Print Digg

Article

The Intersection of Science, Art, Music & Humanities

Ketogenic Diets, Longevity, NAD, and Other Science

Sunday, June 16, 2019


Today’s Sunday Morning Stop at the Intersection of Science, Art, Music and Humanities features Rhonda Patrick, PhD, interviewing Eric Verdin, MD, about ketogenic diets (high healthy fats, medium protein, low carbs), exercise, fasting, longevity, nicotinamide adenine dinucleotide (NAD), and other exciting endogenous molecules and biochemical compounds.


Dr. Patrick is a biomedical scientist best known for her groundbreaking discovery that a protein critical for cell survival has two distinct mitochondrial localizations with disparate functions.


She trained as a postdoctoral fellow at Children’s Hospital Oakland Research Institute with Dr. Bruce Ames. She has also done research on aging at the Salk Institute for Biological Sciences, where she investigated the role insulin signaling plays in protein misfolding, which is commonly found in neurodegenerative diseases.


Her list of scientific publications is impressive. 


Dr. Verdin is the fifth President and CEO of the prestigious Buck Institute for Research on Aging, and a professor of Medicine at University of California, San Francisco (UCSF). He previously held a faculty position at the National Institute of Health (NIH). He is a native of Belgium and received his MD from the University of Liege with additional clinical and research training at Harvard Medical School.


His laboratory focuses on the role of epigenetic regulators in the aging process, the role of metabolism and diet in aging and on the chronic diseases of aging, including Alzheimer’s and proteins that play a central role in linking caloric restriction to increased health span.


He discusses the growing scientific evidence that supports time-restricted (intermittent) fasting, ketosis and its role on health span in animals and humans, particularly on brain health and memory.

For readers who are not familiar with beta-hydroxybutyrate, a ketone body (energy molecule) we make when we are running on fat instead of carbs. We use them for energy instead of glucose because this ketone is linked to improving health—but possibly for limited periods of time.


Over the past few years, researchers who focus on aging have paid a lot of attention to a unique chemical compound called NAD, one of the major carriers in cellular respiration and used to power metabolism by enabling the mitochondria power stations of the cell to convert the food we eat into the energy our body needs to sustain all its functions.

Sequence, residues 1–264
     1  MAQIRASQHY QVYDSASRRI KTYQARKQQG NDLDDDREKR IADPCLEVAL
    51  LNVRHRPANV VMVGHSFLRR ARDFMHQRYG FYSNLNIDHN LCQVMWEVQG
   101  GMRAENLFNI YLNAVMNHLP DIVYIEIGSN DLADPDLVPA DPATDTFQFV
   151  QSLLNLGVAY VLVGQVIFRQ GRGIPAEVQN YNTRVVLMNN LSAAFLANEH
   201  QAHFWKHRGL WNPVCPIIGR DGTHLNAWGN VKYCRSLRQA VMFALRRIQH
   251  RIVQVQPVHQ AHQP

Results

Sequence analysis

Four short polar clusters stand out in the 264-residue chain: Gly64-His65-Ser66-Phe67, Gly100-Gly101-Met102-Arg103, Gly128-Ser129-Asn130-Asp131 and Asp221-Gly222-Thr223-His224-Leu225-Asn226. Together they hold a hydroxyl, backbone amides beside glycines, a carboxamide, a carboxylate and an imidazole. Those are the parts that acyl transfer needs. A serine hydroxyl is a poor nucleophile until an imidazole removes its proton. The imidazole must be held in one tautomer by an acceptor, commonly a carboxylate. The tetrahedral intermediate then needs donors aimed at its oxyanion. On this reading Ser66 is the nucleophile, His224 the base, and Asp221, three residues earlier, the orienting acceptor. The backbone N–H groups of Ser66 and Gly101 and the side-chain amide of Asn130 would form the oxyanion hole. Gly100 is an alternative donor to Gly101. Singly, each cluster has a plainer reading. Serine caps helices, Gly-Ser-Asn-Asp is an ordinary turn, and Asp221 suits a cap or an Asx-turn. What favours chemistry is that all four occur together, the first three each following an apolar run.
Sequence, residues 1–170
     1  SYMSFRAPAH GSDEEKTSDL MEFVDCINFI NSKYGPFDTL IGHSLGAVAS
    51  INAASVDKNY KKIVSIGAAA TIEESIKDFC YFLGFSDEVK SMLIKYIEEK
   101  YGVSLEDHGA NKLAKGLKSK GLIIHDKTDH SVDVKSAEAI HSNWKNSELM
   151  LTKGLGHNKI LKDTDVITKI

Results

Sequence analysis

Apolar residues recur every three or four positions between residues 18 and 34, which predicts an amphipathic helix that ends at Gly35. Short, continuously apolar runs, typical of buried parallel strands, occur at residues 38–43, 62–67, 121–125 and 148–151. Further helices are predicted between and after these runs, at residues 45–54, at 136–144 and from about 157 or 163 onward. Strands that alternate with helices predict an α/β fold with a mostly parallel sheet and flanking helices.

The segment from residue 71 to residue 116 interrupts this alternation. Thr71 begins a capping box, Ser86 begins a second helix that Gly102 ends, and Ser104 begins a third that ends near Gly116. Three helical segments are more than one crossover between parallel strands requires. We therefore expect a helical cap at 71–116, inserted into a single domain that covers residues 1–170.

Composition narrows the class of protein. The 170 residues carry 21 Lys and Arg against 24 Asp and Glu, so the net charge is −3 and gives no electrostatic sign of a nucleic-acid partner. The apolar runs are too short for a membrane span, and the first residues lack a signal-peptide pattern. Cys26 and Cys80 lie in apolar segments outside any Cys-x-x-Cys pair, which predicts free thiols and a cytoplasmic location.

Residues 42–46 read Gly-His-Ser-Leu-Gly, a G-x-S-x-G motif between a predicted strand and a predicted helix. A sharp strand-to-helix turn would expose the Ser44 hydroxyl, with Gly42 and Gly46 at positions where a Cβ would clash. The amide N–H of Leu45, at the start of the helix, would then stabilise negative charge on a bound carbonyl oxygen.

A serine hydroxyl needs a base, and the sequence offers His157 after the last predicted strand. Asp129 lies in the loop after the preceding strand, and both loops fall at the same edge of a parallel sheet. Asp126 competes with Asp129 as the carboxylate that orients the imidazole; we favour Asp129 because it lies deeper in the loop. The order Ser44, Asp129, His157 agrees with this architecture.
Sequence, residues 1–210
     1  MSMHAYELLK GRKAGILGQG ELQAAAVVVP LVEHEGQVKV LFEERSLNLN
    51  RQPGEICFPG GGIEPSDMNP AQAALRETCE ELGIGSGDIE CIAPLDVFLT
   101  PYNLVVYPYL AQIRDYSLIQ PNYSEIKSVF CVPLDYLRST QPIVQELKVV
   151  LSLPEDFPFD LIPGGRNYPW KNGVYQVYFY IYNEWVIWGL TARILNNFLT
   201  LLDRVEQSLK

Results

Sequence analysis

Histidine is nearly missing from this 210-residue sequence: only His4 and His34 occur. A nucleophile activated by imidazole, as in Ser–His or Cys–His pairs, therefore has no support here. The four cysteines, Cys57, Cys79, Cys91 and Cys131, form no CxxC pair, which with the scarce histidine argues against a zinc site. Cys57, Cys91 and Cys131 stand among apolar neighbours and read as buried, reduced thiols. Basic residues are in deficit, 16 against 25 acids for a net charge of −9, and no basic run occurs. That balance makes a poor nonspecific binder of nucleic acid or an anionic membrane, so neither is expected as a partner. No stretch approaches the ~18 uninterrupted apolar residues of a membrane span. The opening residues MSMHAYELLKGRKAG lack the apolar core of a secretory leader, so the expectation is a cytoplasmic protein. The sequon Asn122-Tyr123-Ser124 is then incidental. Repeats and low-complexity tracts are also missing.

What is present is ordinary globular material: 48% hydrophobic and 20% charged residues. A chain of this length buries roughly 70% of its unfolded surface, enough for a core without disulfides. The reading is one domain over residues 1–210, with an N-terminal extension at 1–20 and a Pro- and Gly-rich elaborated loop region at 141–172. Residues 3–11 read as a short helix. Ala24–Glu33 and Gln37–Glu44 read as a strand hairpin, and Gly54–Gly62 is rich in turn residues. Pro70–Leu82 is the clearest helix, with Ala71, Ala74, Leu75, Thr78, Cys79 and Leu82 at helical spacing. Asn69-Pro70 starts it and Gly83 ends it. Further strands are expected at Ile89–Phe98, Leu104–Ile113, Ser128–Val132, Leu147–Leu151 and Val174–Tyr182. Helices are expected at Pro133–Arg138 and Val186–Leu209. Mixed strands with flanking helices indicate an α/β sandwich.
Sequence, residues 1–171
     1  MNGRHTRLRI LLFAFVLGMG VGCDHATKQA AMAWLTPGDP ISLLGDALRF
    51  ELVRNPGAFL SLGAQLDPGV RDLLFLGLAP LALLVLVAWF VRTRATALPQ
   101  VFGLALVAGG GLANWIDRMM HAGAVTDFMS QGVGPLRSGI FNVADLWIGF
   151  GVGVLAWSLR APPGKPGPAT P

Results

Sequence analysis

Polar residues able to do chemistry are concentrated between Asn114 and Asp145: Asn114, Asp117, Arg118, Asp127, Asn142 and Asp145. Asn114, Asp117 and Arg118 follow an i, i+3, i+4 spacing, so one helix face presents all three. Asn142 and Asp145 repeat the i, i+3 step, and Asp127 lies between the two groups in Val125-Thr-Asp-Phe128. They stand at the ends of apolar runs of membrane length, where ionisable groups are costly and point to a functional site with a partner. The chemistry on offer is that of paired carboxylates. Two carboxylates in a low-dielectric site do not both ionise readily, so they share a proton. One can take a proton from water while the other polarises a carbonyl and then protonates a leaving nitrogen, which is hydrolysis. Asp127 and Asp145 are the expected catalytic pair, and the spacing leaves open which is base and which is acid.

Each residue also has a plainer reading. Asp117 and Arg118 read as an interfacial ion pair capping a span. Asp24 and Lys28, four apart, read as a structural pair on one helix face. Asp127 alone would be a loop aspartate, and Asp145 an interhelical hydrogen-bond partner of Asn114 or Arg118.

NAD is also suggested to repair mitochondria damage in aging brains, as well as helping to prevent loud noise hearing loss.


Two final thoughts: 


1: It's important to remember that most promising ketogenic studies have been done on mice, not humans. For now, both Drs. Verdin and Patrick seem to favor time-related restriction of caloric intake (intermittent fasting) for 14 hours to extend health span and manage weight (early brunch- early dinner). It's much easier to manage than a ketogenic diet.


2: It's also important to remember that we are biochemically unique, so what works for one person might not work on everyone.


The good news: Aging-well and extended health span dietary recommendations will soon become specific, based on identification of individual blood, plasma, enzyme, epigenetic, and artificial intelligence (AI) biomarkers of aging.  Along with clean energy, it's the hot new areas of venture capital technology and pharma scientific investment, given the large aging population and the huge amount of personal and government health care dollars that could be saved by keeping people healthy, happy, and self-sufficient longer.


Enjoy the interview. I promise you will find both of the esteemed scientists informative, educational and entertaining.


Happy Sunday.


Ellen Troyer and the Biosyntrx Staff 



A few of Dr. Verdin's selected publications:


  • Verdin E. NAD⁺ in aging, metabolism, and neurodegeneration. Science. 2015 Dec 4; 350(6265):1208–13. doi:10.1126/science.aac4854. Review. PMID 26785480.

  • Verdin E, Ott M. 50 years of protein acetylation: from gene regulation to epigenetics, metabolism and beyond. Nat Rev Mol Cell Biol. 2015 Apr; 16(4):258-64. doi:10.1038/nrm3931. PMID 25549891.[6]

  • Gut P, Verdin E. The nexus of chromatin regulation and intermediary metabolism. Nature. 2013 Oct 24; 502(7472):489-98. doi:10.1038/nature12752. Review. PMID 24153302.[7]

  • Shimazu T, Hirschey MD, Newman J, He W, Shirakawa K, Le Moan N,  Grueter CA, Lim H, Saunders LR, Stevens RD, Newgard CB, Farese RV Jr, de  Cabo R, Ulrich S, Akassoglou K, Verdin E. Suppression of oxidative  stress by β-hydroxybutyrate, an endogenous histone deacetylase  inhibitor. Science. 2013 Jan 11; 339(6116):211-4. doi:10.1126/science.1227166. PMID 23223453; PMC 3735349.[8]

  • Hirschey MD, Shimazu T, Jing E, Grueter CA, Collins AM, Aouizerat B,  Stančáková A, Goetzman E, Lam MM, Schwer B, Stevens RD, Muehlbauer MJ,  Kakar S, Bass NM, Kuusisto J, Laakso M, Alt FW, Newgard CB, Farese RV  Jr, Kahn CR, Verdin E. SIRT3 deficiency and mitochondrial protein  hyperacetylation accelerate the development of the metabolic syndrome. Mol Cell. 2011 Oct 21; 44(2):177-90. doi:10.1016/j.molcel.2011.07.019. PMID 21856199; PMC 3563434.[9]

  • Hirschey MD, Shimazu T, Goetzman E, Jing E, Schwer B, Lombard DB,  Grueter CA, Harris C, Biddinger S, Ilkayeva OR, Stevens RD, Li Y, Saha  AK, Ruderman NB, Bain JR, Newgard CB, Farese RV Jr, Alt FW, Kahn CR,  Verdin E. SIRT3 regulates mitochondrial fatty-acid oxidation by  reversible enzyme deacetylation. Nature. 2010 Mar 4; 464(7285):121-5. doi:10.1038/nature08778. PMID 20203611; P